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Friday's Market Minute: Perspectives On GDP

Friday's Market Minute: Perspectives On GDP

On the face of it, yesterday’s GDP print was quite impressive. Adjusted for inflation, gross domestic product surged by a record 33.1% in 3Q, snapping back the 31.4% 2Q contraction during a monumentally historic economic shutdown. As expected, consumer spending proved resilient at an annualized 40.7%. Driven by pent-up demand fueled by generous unemployment benefits and fiscal largess, consumers in aggregate did their part to shore up national income and the economy.

Excluding the net trade balance and government spending, private sector capital investment spending bounced back in 3Q. This was especially true for residential investment and investment in capital equipment, but not the case for non-residential structures. Residential investment increased at a 59.3% annualized rate, equipment investment increased at a 70.1% annual rate, and investment in non-residential structures decreased at a 14.6% annual rate. These figures confirm the economic shift towards an accelerated work-from-home dynamic, as well as a sudden surge of enterprise capital quickly spent on equipment and software to minimize business discontinuity. As one would expect, investment in non-residential structures declined in 3Q, considering hotel occupancy is low, office parks are barren, and mall vacancy rates are rising.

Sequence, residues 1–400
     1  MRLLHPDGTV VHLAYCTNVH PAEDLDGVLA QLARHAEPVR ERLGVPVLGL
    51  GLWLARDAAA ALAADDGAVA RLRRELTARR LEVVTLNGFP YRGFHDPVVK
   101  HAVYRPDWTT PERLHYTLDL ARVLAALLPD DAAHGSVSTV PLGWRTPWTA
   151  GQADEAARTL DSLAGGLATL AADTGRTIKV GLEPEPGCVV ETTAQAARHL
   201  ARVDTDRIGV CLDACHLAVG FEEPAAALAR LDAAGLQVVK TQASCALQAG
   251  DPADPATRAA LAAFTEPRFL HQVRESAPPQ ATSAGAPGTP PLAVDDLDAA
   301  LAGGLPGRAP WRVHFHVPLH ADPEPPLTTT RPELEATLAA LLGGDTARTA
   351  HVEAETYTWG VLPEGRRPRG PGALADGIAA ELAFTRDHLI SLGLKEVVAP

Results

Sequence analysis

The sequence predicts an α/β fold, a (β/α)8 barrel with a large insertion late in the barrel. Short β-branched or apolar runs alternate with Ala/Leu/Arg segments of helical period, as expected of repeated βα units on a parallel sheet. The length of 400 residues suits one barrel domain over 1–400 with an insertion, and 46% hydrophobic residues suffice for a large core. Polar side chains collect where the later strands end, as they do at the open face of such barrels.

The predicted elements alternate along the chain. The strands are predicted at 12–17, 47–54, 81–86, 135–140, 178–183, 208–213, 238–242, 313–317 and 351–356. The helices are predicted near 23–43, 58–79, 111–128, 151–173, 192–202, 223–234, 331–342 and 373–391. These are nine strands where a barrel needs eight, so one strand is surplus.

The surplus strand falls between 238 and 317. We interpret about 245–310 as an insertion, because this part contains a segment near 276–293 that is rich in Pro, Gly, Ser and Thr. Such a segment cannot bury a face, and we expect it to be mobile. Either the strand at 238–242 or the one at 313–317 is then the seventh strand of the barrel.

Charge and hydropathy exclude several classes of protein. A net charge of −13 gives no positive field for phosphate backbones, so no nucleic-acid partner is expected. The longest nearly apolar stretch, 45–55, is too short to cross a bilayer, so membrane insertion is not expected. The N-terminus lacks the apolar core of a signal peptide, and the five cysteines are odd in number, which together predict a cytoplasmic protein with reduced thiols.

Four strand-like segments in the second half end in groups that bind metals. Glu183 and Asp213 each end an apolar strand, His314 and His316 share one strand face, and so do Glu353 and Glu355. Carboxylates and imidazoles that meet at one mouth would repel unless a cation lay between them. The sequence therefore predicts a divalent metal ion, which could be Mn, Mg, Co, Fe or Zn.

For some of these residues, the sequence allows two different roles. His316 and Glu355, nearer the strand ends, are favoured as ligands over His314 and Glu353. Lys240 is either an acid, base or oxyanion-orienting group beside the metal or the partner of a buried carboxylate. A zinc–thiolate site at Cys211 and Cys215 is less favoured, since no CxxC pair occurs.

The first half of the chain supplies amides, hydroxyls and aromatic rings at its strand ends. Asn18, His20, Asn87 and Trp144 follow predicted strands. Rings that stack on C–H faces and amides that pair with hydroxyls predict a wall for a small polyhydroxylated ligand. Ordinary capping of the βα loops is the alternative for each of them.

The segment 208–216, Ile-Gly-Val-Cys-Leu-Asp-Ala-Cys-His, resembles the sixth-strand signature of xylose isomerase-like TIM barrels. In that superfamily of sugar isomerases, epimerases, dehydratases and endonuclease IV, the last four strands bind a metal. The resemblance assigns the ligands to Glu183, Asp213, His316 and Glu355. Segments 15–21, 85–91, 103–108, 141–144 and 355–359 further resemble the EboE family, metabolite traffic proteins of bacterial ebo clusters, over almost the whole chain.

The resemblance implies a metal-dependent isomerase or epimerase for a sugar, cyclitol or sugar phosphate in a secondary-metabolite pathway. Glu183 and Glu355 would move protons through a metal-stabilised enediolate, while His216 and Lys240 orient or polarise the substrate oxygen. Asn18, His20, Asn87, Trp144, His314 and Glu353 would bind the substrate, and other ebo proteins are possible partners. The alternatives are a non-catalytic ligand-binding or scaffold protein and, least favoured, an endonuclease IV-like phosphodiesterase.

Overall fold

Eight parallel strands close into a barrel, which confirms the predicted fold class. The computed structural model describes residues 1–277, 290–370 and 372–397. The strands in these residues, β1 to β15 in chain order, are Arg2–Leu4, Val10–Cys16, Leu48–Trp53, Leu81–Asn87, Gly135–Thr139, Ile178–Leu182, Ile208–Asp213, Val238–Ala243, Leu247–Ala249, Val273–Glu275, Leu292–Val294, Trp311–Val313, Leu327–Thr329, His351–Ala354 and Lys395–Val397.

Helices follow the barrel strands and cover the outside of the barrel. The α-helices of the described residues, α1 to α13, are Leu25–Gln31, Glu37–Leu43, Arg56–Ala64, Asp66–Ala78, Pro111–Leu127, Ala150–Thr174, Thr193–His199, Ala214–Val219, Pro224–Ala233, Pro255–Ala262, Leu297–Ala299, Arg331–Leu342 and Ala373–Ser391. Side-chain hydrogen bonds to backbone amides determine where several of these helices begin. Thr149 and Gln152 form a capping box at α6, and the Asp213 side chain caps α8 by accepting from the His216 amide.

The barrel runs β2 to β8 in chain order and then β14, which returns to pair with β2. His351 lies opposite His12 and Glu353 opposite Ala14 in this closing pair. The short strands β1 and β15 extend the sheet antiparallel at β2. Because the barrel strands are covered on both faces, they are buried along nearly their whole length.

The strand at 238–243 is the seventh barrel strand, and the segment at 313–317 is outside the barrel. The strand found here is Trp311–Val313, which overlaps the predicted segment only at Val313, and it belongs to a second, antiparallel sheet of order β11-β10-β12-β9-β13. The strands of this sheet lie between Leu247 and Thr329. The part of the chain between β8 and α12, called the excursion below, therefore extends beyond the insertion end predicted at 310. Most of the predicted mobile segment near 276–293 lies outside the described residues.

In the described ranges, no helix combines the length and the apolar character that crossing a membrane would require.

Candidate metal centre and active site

In perspective, if you dig bit deeper, the Bureau of Economic Analysis also reports non-annualized figures which reflect quarter-over-quarter comparisons. Unadjusted, GDP jumped by a record of 7.4% from 2Q, after the record 9.0% plunge in 2Q from 1Q. Impressive as it seems, the economy still has quite a road left to travel in order to at least match nominal GDP in 2019 of $21.4 trillion. So far in 2020, nominal GDP has totaled $15.47 trillion, and approximately requires $6 trillion, or 12.3%, GDP growth in 4Q to bring the nominal annualized growth rate of the 2020 U.S. economy back to zero.

Photo by Patrick Weissenberger on Unsplash


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